Gender: Feminine
Origin: Latin
Meaning “olive”

The name is often believed to have been an invention of William Shakspeare for his play Twelfth Night, however, the name was borne by a 9th century Sicilian saint. She is considered one of the patron saints of Palermo, and legend has it that she was kidnapped by Muslim invaders and taken into slavery to Tunisia. Her captors were so impressed with her sincerity, virtue and beauty that they permitted her to remain a Christian and to live as a hermitess in a cave.

She was known for performing miracles among the local Tunisians, and many had converted to Christianity as a result. She was imprisoned and tortured and then burnt at the stake. Legend pertains that when they lit the fires at the stake, the flames would not touch her and she was decapitated instead. For whatever reason, she is also considered the patron saint of music.

The name was then possibly introduced into the English speaking world through William Shakespeare in 1599 for one of his characters in the play Twelfth Night. Since then, the name has been in usage in the English speaking world. In the States, the name has been in the top 1,000 since 1880. The name has gradually climbed its way up to the top 10 the last 20 years. In 1989, Olivia came in at # 179 the following year of 1990 saw it jump all the way up to # 72, by 2001 it reached position # 1o and as of last year, 2008, it has made itself a niche at # 6. In Poland, it is at # 5 as the most popular female name, spellt Oliwia. The name is in the top in Canada and the United Kingdom.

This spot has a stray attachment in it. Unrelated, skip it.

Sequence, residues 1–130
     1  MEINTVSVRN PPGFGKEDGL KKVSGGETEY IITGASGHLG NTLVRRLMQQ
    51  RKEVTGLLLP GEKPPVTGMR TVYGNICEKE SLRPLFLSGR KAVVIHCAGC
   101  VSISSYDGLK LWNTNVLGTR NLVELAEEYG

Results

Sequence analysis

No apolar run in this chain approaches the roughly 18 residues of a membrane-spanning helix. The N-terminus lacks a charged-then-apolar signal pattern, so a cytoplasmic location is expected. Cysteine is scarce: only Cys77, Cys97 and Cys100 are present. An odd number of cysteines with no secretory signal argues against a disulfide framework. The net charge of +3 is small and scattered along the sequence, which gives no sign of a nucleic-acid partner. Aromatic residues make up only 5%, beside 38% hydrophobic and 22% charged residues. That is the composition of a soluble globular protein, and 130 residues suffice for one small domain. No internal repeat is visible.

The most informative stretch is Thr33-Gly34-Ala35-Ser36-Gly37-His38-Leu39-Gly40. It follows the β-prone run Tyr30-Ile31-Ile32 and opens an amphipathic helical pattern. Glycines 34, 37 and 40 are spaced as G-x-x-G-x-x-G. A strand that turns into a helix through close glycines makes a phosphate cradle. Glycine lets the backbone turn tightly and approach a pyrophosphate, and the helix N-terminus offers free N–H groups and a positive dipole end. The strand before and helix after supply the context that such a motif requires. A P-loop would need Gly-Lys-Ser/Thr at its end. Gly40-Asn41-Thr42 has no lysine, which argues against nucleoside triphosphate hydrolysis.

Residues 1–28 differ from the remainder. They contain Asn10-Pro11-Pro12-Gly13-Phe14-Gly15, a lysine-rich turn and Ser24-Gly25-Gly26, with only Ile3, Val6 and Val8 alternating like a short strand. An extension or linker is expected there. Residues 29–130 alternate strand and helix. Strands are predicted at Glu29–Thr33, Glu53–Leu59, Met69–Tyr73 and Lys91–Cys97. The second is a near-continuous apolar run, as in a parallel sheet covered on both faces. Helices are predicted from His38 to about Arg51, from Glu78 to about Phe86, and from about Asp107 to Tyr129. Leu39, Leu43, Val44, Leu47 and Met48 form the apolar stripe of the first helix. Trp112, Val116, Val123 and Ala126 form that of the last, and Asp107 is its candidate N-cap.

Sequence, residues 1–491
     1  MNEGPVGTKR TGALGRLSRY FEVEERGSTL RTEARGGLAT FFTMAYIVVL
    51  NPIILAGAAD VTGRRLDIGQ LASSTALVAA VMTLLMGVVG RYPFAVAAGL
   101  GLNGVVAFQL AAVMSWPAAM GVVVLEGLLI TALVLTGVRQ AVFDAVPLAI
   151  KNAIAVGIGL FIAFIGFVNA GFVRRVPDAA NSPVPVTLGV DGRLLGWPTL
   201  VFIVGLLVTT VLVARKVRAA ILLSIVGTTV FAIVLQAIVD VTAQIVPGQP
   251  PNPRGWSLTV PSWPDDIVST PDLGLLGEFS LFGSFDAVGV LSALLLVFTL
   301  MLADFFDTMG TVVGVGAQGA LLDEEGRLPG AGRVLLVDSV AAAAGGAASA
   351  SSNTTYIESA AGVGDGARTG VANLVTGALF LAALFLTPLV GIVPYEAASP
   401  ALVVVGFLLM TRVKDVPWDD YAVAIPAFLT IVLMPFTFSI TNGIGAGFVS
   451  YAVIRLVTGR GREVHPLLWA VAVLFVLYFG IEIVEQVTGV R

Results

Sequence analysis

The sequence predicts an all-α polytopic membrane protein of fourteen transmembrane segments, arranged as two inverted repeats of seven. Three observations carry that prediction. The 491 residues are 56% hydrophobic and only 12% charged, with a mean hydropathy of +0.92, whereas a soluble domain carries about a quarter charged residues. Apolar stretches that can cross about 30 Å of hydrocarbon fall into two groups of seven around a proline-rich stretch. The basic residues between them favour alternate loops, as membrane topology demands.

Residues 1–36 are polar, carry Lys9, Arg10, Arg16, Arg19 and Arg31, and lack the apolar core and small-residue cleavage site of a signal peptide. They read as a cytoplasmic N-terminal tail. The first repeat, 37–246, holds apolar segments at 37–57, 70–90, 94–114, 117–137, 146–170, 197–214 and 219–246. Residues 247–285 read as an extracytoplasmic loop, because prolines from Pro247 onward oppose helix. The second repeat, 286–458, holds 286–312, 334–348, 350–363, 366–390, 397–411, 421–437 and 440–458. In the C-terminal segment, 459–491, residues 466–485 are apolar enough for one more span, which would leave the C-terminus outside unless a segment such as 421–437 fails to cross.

The name is used in virtually every European country.

Other forms include:

  • Olivija (Croatian/Serbian/Slovene)
  • Olivie (Czech: ah-LEEV-yeh)
  • Oliva (English/Italian)
  • Olive (English)
  • Olivie/Olivia (French)
  • Olivette (French: obscure)
  • Olívia (Hungarian/Portuguese/Slovak)
  • Olivana/Oliviana (Italian: obscure)
  • Oliveira/Oliviera (Italian)
  • Olivetta (Italian: obscure)
  • Oliwia (Polish: o-LEEV-yah)

Nicknames include: Ollie, Liv, and Livy. A German nickname is Livchen.

A very rare Polish masculine form is Oliwjusz.

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